April 23rd 2017
1 Peter 1:3,8-9 Acts 2:14a, 22-32
Earlier this week I joined an old friend, and a few of his friends for lunch; during the conversation he mentioned he has always taught his kids “if you can’t say anything nice to someone, don’t say anything.” I said I also tried to teach my kids that lesson, but what I hoped they remember more, is me saying, “consider the consequences.” Everything has consequences; whether well intentioned or not, everything you do, everything you say, every decision you make has consequences. We don’t always think them through to their conclusion, but there are always consequences.
It seems ironic that a little more than a week ago I was telling you how poor my memory of events from long ago is… and today I’m telling a story from my childhood, but when I said I can’t remember, I didn’t mean I literally can’t remember anything. It just seems nearly every memory of my childhood is an unpleasant one, a time when I was “in” trouble… and I can remember several of those. When I was about ten or eleven years old, we would walk the five (relatively) short blocks home from my grade school, for lunch each day. I was like most typical ten year olds, focused solely on what I was doing, or wanted to do, at any given moment. One day, as I was walking back to school after lunch I was picking up and tossing small rocks; as I approached a cross street, I drew back and threw a rock with all my might – not at anything in particular, but just to see how far my powerful little arm could throw a rock. As it arched I watched, never considering where it might land, until suddenly I was aware, that in the same instant a car was approaching on the cross street. You know how things happened in slow motion; as I “willed” that rock to fly just a little bit farther, or the driver to come to a stop a few feet earlier… with a crack – literally – rock and windshield met.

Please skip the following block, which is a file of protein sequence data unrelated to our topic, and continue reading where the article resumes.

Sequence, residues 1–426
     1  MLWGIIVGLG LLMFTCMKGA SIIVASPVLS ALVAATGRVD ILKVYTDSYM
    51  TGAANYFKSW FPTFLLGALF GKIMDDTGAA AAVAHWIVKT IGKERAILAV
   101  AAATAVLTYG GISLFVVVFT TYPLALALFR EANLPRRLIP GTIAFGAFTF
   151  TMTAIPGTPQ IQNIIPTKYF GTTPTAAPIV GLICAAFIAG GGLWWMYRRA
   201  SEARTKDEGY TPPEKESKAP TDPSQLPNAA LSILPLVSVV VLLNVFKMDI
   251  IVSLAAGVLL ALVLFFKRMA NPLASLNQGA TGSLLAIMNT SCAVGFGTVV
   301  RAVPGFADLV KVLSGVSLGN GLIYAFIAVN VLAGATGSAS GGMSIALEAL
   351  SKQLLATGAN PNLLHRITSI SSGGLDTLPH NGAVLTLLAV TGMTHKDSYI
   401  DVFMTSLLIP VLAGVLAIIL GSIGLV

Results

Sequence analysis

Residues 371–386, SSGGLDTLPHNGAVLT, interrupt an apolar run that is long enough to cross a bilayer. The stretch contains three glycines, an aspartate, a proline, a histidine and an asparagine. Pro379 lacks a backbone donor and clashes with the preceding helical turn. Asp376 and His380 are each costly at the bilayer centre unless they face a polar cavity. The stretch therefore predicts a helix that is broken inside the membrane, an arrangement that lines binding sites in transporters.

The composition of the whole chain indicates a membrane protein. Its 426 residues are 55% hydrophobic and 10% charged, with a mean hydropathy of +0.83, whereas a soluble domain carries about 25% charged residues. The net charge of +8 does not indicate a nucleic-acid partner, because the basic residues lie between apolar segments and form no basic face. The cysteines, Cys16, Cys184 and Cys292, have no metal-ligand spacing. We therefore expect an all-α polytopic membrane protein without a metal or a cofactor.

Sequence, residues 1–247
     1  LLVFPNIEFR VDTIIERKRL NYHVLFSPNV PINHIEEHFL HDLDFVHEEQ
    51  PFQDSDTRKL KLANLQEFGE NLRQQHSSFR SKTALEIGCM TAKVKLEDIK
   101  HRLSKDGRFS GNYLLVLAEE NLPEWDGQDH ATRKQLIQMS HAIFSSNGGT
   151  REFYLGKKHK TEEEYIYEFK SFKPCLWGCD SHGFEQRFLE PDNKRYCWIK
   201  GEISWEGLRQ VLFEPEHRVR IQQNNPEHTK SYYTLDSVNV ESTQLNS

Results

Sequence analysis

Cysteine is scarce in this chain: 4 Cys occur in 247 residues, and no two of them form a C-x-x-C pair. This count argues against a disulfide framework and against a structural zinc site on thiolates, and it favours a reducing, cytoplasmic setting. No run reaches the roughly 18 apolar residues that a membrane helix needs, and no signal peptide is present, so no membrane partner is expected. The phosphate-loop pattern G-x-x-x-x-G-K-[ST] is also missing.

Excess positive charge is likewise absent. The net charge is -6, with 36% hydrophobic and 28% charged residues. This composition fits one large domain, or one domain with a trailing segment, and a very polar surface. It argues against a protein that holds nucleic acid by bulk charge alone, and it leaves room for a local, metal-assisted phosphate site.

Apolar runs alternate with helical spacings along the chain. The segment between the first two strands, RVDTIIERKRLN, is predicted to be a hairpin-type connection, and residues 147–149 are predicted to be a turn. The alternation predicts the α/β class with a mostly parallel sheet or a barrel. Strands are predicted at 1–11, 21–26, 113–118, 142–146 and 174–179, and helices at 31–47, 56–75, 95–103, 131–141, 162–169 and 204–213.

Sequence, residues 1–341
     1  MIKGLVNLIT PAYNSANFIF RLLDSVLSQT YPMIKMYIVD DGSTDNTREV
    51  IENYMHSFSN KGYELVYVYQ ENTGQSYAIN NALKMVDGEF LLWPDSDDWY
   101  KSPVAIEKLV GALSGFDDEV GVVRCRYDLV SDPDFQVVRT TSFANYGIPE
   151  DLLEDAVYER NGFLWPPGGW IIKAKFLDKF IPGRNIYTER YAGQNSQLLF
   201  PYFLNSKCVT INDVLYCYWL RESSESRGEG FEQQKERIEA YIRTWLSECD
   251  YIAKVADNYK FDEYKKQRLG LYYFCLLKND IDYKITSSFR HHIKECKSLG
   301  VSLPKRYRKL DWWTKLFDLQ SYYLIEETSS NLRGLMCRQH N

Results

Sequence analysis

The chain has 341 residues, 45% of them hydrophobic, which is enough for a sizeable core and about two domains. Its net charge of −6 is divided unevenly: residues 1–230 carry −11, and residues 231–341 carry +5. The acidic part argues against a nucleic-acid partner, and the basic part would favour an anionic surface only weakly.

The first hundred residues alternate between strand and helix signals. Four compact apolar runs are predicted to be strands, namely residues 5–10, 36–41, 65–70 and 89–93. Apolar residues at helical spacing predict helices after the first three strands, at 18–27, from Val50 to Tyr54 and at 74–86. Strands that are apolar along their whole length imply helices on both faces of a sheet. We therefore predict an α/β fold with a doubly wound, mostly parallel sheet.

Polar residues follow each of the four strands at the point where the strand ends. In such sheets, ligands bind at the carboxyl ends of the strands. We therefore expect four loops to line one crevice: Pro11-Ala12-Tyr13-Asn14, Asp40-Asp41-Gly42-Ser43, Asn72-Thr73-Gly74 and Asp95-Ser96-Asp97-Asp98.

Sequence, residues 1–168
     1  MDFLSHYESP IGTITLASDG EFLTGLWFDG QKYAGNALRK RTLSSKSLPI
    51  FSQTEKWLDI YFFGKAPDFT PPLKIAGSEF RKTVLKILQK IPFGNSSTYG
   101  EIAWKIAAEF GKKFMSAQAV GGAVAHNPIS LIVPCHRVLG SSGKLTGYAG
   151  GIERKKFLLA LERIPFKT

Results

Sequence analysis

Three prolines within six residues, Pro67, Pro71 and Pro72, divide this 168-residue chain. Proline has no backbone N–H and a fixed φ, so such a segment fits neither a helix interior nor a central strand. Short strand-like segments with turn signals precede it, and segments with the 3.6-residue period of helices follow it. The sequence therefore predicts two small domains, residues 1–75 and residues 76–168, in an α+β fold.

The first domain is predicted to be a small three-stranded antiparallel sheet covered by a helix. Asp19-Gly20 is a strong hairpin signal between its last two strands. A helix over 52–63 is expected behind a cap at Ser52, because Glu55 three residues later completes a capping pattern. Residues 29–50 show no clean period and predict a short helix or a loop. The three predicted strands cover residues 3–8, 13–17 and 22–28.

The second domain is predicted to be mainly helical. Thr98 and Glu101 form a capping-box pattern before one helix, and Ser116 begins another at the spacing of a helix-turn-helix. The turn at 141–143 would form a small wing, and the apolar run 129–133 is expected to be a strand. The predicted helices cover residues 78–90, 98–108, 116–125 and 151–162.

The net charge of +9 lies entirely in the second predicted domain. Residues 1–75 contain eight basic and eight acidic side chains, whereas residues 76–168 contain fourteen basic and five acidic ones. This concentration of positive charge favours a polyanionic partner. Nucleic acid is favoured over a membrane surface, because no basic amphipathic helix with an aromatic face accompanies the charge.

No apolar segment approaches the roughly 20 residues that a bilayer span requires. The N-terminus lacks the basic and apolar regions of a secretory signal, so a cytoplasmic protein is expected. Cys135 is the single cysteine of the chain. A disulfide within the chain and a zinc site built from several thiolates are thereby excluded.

I wish I could say providence was with me that day and the rock bounced off the windshield as I breathed an enormous exhale of relief (I wished it even harder back then); it (the rock) did not bounce. There were, however, a few fortunate things about the incident; this little glimpse from my childhood occurred in the mid-nineteen-fifties, so many cars still had ‘split windshields’; and I don’t recall the window shattering, which might have resulted in horrific injury – as I recall, it only cracked (so maybe providence was with me after all). But these ‘positives’ weren’t apparent (at least not in that moment) to the middle-aged woman who was driving. When she stepped from her car she was, as you would expect, visibly shaken, (I’m also quite certain she was livid). She sternly called me by name… which might seem odd, but I had already recognized her, not only as a teacher in my school, but as one of my neighbors. At this point, there is a big gap in my memory… I don’t remember how I eventually arrived at school that day, I don’t remember how my parents were informed… and I don’t remember if the police were involved, which wouldn’t be difficult to imagine. I do remember there were consequences.